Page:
A Psychoactive Drug


Heroin is a highly addictive drug derived from morphine, which is obtained from the opium, "poppy." It looks like a white to dark brown powder or tar-like substance.


It is a depressant that affects the brain’s pleasure system by releasing endorphins and therefore interfering with the brain’s ability to perceive pain.

Slang and Street Names for Heroin:

  • Big H
  • Blacktar
  • Brown Sugar
  • Dope
  • Horse
  • Junk
  • Muc
  • Skag
  • Smac

How Heroin is Ingested:

Heroin is most often injected into the bloodstream through the use of an intravenous device such as a needle, which is known as "mainlining." It can also be injected into a muscle, smoked in a pipe, or snorted as powder through the nose.

Fact: Additives in heroin do not dissolve into the bloodstream. A blood clot can form and travel to the lungs, liver, heart or brain, which is instantly fatal.

Medicinal Use of Heroin:

Heroin is legally used to help people who suffer or have suffered from:

  • severe physical trauma or injury
  • post surgical pain
  • a heart attack
  • chronic pains of end stage cancer

How Heroin Alters Consciousness:

  • When injected, it reaches the brain in 15-30 seconds
  • When smoked, it reaches the brain in about 7 seconds
The "surge of pleasure" begins in the abdomen, and then a warm sensation spreads throughout the body. One's state of consciousness is altered with an intense feeling of euphoria and tranquillity. The brain can slip into a dreamy and relaxed state of contentment.

Short Term Effects of Heroin

Psychological Effects:

The mind is flooded with euphoric sensations and one feels at peace. The mind can only sense pleasure and happiness in the short term with heroin use.

Physiological Effects:

When using heroin, one forgets any bodily problems. The mind completely dominates over the body and it is often used as an escape for people who want to forget about their physical ailments.

Duration Effects:

These initial, short-term, intense feelings rarely last more than ten minutes.

Myth: Heroin is less dangerous when smoked or snorted.

Long Term Effects of Heroin:

Psychological Effects

Over time, the chemical imbalance in the brain affects your moods & emotions: a depletion in the production of brain endorphin levels gives heroin users a feeling of depression due to the body ceasing to produce its own naturally occurring endorphins.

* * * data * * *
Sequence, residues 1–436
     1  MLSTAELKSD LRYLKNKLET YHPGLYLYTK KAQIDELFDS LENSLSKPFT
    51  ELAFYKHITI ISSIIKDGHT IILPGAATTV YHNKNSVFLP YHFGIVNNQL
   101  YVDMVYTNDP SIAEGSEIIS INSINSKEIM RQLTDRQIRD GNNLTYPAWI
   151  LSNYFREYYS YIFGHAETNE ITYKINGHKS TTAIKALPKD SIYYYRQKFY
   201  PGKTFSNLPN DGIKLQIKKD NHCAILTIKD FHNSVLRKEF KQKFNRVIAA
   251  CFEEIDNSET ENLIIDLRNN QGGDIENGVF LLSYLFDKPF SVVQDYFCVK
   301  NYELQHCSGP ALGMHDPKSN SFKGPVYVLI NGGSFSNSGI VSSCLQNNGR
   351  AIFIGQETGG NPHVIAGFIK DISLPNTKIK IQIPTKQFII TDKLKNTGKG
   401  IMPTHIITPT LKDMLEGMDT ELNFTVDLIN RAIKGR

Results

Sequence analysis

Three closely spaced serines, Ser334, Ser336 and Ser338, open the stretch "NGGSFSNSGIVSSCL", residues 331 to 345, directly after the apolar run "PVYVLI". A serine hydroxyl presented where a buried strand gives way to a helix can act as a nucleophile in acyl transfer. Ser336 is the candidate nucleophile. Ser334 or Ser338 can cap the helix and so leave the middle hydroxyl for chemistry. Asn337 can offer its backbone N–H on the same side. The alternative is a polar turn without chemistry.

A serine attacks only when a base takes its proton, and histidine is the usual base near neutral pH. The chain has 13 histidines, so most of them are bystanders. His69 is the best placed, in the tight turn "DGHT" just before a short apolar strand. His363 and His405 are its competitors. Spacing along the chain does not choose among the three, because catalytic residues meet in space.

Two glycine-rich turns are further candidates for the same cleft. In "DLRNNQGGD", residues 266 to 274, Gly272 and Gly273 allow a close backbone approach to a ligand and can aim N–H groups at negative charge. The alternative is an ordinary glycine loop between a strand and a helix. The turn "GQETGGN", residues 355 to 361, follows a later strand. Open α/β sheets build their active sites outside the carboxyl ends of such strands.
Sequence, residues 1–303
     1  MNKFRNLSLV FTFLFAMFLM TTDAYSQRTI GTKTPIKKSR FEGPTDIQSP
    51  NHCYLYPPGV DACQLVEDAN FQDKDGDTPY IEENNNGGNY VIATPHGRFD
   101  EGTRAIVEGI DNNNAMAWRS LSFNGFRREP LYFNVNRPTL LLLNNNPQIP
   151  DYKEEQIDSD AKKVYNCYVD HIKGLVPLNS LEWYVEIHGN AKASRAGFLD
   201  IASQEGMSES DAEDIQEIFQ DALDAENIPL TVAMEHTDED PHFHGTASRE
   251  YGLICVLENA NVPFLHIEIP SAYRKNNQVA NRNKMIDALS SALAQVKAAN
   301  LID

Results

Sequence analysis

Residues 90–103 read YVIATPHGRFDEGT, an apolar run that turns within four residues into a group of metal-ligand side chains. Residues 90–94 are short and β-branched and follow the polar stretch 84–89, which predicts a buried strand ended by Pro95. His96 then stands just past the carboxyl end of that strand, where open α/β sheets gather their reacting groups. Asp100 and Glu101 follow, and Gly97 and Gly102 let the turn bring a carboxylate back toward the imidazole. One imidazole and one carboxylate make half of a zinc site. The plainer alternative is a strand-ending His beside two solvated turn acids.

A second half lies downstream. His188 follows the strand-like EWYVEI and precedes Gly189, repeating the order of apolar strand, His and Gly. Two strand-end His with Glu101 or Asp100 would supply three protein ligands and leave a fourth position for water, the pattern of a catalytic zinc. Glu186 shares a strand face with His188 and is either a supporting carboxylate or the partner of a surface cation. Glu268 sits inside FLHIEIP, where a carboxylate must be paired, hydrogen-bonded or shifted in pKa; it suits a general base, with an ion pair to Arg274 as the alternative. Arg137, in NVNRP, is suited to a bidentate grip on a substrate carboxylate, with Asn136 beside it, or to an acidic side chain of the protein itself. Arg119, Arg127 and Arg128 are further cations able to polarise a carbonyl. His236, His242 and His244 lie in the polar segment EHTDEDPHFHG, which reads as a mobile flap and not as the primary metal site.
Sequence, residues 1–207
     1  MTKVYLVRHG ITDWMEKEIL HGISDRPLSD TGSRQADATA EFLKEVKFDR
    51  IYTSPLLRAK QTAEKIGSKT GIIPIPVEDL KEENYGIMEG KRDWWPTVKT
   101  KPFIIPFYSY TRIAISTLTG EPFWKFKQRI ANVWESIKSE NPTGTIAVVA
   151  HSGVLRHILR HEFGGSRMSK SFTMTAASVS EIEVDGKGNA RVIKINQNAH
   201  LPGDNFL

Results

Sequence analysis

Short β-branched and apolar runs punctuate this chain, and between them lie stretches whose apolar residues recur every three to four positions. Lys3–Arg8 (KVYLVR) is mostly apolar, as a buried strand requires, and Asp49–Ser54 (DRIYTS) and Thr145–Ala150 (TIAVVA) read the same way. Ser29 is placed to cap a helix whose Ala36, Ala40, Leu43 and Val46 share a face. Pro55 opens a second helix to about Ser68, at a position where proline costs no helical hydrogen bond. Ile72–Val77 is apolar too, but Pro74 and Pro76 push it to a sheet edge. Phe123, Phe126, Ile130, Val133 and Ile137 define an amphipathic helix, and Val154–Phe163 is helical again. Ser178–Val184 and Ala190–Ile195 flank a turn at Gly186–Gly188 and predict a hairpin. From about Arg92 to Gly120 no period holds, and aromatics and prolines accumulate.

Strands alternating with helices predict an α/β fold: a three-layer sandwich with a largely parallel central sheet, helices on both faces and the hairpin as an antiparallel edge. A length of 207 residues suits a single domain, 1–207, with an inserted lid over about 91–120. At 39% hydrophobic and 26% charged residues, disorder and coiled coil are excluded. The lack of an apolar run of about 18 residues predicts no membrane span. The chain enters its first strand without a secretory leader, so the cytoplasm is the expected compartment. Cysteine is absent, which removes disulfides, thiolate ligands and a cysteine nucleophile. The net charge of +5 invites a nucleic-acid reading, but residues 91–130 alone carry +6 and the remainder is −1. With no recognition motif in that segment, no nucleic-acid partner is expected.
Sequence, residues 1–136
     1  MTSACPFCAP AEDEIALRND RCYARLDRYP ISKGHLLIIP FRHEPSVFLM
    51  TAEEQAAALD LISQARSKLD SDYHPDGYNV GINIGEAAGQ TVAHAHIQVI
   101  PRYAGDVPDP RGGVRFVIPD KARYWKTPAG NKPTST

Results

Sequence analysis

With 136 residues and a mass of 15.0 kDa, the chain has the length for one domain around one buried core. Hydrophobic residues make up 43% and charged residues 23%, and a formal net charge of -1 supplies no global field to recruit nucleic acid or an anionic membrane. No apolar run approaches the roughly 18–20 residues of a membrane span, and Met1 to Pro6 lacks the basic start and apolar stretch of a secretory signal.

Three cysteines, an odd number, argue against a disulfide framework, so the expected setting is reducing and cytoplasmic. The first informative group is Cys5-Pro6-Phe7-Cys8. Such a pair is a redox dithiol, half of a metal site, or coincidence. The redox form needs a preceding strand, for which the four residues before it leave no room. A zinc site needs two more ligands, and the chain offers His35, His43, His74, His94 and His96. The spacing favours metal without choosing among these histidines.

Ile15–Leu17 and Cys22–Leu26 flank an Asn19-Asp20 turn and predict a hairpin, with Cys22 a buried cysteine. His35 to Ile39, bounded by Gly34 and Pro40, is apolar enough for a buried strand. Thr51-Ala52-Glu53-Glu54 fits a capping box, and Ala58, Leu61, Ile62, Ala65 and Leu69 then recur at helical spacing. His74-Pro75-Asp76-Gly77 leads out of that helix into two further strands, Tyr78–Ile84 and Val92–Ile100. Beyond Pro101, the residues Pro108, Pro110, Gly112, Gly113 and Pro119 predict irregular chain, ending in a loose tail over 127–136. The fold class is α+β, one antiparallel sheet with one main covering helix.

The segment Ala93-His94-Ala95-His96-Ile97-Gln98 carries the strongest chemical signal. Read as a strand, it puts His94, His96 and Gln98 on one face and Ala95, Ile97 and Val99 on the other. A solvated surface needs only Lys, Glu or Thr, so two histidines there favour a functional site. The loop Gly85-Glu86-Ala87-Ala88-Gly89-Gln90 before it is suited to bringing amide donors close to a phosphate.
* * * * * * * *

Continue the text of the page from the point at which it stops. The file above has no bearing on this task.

Physiological Effects:

Chronic users may develop collapsed veins, infection of the heart lining and valves, and liver disease. As higher doses are used over time, physical dependence and addiction develop. Withdrawal, which in regular abusers may occur as early as a few hours after the last administration, produces drug craving, restlessness, muscle and bone pain, insomnia, diarrhea and vomiting, cold flashes with goose bumps and kicking movements.

Duration Effects:

The sensations that heroin produces can last anywhere from a few minutes to just under an hour depending on one's personal tolerance to the drug, the method of ingestion, the amount used, and its purity. If a heroin addict stops ingesting it, then major withdrawal symptoms will peak between 48 and 72 hours after the last dose and subside after about a week. However, sudden withdrawal by heavily dependent users in poor health can be fatal.

Physical Dependence:

Heroin users will develop a physical need for heroin. Their bodies will not be able to function without the drug because it becomes accustomed to it. Without heroin, an addict will have severe sickness including vomiting, uncontrollable tremors, twitching, and overall detrimental physical effects.

Psychological Dependence:

Heroin users become addicted to the feeling of euphoria and invincibility. They long for the sensations of peace and total relaxation, and without it, real life becomes a world of depression because it cannot compare to the "high" feeling.


The video below may be disturbing to some viewers, but the overall message is very important and powerful.
Anti-heroin Ad